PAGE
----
Alright, so I'm going to give you two one is going to be really short and one is going to be the real advice. So the first one, are there things you've been thinking about? Just do it. Like, this is not the rehearsal, this is the real life this is it, right? You're writing a bestseller with your life, if you don't like what's being written about it, change it, like just do it. Yes, yeah.
But the long winded version of that is this. There's something that keeps me in check a lot. And that is my 90 year old self. And I talk to her a lot. Right? And I think about it, like, who do I, my nine year old, the nine year old version of me, does she look at me now and say you're doing the things that made me everything I was supposed to be, right? She looked at me and say, Oh, now that you're younger, you have the time you have the energy, and all of that you're doing what you should do. So they turned out we were the greatest of all time. And when I say greater than all time, I don't mean greater than anybody else. I mean, the best version of you. I love so if you travel there, at your 90 year old self is looking at you. She's like, you are slacking, but you need to buckle up and do whatever it is you're supposed to do. Because you have one shot at this, this is not the rehearsal, you don't get another one. So if you don't like the book written about you change it.
I love this so much. Because you know, we hear advice all the time that's similar but different, which is, you know, what would what advice would you give to your younger self, but what I'm hearing from you, which is super wise, is to look ahead at your more senior self and what what would that woman Think of what you're up to now? And when you say, you know, get after it. Correct me if I'm wrong here, but I don't think you necessarily mean to be busier, do more do everything. But to be doing the right things. Whatever is right for you.
Yeah, it's not all the things is the thing. Everybody has the thing, right. So like now we're talking about private practice for somebody else that may be building your brand. Somebody else you had this skincare product that you can you cannot stop thinking about. You've been thinking about it for a decade is time to say yes to it, right. Somebody else is like, you know, I wanted to create institutional change. Go for it. I don't… whatever the thing is, right? Because that's the thing about life. There's no prescription for everybody you know, everybody doesn't get amoxicillin we get different things. Right. So whatever the thing is, get to it. Yeah. The only prescription is the career prescription. Right? Don't Don't take out that prescription. Every doctor needs that one.
So I want to, I want to close, this has been so lovely. I'm so happy that we decided to do this and for people who are listening if you if you want to know, I mean Dr. Una reached out to me to be on her podcasts. I hope you will check it out. And I agreed and said, you know, why don't we just double up so we're having a marathon recording session. We're going straight from her podcast to recording mine, which has been so fun and exciting. And you asked me in closing on your podcast, to give the one reason why I thought people ought to share that episode. Can I ask you the same thing? If people are listening today? Why should they share this episode so that other people can hear it? What would be the reason?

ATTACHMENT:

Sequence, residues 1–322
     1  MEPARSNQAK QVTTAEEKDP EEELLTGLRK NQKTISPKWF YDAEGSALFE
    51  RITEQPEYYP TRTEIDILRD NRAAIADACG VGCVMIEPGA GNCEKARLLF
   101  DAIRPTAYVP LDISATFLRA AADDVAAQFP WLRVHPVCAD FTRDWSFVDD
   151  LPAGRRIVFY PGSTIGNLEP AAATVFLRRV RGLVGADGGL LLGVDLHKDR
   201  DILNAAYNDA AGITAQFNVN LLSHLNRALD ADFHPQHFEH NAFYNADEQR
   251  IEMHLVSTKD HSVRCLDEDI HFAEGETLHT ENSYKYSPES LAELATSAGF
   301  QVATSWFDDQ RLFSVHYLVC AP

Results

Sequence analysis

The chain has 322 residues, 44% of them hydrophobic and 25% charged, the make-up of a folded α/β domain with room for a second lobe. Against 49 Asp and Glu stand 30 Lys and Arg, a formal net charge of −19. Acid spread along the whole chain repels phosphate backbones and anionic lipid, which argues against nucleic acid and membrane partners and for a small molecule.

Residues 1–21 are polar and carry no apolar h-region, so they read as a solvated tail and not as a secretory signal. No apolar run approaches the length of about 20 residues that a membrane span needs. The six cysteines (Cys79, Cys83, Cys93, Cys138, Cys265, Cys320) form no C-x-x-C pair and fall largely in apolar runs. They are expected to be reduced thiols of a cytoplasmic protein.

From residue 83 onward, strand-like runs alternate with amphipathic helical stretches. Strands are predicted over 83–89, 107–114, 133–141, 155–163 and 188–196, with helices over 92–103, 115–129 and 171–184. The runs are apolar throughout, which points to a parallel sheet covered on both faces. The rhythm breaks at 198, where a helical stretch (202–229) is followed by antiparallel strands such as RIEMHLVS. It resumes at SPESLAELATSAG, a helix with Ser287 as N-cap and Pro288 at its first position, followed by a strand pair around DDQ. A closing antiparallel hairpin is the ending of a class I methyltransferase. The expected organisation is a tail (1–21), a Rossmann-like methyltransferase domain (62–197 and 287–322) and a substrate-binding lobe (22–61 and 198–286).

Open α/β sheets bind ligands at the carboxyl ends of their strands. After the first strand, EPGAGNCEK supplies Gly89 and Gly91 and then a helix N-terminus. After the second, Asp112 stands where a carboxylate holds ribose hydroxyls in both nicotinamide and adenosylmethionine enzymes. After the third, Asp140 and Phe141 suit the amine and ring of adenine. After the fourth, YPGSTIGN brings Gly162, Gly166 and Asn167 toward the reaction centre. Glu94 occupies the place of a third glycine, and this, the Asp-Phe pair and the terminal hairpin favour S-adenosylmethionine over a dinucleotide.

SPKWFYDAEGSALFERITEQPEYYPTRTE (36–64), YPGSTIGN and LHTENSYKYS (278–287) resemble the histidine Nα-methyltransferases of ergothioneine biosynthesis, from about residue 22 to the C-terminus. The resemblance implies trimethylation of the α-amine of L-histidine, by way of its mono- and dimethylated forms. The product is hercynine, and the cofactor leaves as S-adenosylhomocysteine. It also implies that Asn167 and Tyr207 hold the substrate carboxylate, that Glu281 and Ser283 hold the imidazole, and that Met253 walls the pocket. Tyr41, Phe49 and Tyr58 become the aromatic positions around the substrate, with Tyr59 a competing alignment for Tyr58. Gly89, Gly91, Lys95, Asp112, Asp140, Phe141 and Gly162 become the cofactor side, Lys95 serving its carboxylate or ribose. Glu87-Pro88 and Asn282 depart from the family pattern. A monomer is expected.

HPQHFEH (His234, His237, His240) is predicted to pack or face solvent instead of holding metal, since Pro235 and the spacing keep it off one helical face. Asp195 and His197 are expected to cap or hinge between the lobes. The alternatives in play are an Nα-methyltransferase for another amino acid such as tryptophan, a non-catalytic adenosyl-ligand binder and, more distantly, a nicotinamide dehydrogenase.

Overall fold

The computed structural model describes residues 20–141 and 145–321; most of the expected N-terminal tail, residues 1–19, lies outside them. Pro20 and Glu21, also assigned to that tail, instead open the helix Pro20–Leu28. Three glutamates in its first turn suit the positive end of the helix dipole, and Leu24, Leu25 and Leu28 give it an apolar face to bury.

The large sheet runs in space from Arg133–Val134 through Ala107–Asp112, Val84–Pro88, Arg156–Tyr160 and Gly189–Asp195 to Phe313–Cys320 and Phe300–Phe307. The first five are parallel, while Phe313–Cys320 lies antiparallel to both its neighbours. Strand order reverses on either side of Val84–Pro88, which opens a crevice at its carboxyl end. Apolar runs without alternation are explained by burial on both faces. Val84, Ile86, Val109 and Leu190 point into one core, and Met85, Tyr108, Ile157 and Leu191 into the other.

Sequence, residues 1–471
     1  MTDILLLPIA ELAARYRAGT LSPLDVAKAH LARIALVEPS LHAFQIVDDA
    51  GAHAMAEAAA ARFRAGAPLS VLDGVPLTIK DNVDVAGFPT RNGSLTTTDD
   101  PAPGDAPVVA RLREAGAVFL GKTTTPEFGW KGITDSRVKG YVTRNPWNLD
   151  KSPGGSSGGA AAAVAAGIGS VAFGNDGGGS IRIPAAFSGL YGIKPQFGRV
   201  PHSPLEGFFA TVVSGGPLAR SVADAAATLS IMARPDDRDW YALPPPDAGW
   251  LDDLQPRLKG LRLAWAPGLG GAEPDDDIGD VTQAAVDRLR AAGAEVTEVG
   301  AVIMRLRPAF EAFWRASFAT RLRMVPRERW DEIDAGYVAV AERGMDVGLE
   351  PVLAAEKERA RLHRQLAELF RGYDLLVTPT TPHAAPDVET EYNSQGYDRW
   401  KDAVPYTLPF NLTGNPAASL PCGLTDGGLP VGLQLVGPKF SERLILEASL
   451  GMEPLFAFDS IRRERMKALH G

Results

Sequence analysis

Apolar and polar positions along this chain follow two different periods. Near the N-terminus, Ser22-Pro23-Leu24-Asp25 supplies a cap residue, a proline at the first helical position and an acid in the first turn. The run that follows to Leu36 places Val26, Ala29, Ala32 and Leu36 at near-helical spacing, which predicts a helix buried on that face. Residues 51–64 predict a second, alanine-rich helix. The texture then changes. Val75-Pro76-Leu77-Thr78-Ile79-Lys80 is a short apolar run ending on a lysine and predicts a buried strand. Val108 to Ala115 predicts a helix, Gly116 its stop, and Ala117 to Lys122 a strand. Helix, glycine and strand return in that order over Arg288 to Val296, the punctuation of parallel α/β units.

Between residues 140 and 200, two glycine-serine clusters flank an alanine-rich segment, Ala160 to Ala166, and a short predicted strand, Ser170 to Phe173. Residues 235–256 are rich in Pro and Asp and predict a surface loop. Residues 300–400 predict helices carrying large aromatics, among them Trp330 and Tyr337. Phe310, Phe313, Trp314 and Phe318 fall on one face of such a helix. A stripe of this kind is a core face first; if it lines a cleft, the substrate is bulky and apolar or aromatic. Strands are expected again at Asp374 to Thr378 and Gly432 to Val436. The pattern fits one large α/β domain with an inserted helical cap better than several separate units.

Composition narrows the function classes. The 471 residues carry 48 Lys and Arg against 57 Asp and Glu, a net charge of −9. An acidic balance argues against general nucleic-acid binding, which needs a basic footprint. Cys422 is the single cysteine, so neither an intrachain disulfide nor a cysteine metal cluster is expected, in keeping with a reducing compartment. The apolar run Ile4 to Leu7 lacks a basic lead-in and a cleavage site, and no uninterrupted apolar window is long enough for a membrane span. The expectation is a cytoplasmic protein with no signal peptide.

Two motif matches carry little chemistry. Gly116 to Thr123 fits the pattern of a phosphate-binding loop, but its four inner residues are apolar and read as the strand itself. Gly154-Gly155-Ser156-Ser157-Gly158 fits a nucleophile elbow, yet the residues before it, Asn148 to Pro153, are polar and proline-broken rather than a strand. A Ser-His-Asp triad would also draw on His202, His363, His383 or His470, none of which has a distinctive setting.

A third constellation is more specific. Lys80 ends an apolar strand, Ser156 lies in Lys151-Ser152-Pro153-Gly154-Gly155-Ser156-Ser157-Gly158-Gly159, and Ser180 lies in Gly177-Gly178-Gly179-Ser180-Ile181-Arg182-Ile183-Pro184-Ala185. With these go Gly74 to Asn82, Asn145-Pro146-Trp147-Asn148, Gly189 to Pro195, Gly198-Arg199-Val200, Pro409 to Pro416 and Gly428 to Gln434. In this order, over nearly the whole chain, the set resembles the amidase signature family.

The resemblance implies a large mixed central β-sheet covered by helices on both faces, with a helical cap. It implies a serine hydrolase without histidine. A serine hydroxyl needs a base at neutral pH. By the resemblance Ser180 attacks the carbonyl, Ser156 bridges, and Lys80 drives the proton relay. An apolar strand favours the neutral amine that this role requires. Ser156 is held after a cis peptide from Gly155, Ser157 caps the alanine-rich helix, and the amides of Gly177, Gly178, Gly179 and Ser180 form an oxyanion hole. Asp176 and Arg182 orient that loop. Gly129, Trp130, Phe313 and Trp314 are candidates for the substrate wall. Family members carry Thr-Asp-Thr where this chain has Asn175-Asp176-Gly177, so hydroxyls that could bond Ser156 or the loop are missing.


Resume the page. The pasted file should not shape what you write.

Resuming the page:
So this is my reason. We live in the strangest time for physicians. Strangest, we're in the middle of a pandemic. Doctors are losing their jobs. This is a medical crisis. In the middle of a pandemic. Doctors are collecting unemployment checks. We have never had this little autonomy ever. We've never been so devalued in the healthcare space ever. But we can change it We don't have to sit and take it.
Like Dr. Stiegler says, We need to own tables everywhere. Right now, if you can share this episode, what you're doing is you're creating a ripple effect, a ripple effect of doctors who have said enough. I'm not doing this any way anymore. I'm not complaining about it anymore. I'm not whining about it anymore. I'm going to be the change that I want to see. We're going to change this damn doctors who have never heard what you just heard. Their doctors have never heard about Dr. Stiegler podcast and he or she is showing us how to brand ourselves, showing us how to build online businesses how to go do non clinical careers, the whole nine yards. There are doctors who are going through all kinds of things and don't even realize there's an alternate reality. There's an alternate reality. And she may never be able to reach them to tell them there is but you can. So sure.
Wow, that's so powerful. Thank you so much. I'm gonna copy and paste that into edit that into every episode. I have my new outro there it is. You heard it. Dr. Una. Well, thank you again so very much for being on the show. It's such a delight to get to speak with you. And I know that listeners of the career prescription everywhere are just glowing from this conversations and thank you so very much. That's it for today with the career prescription. I will see you all next time. Bye for now.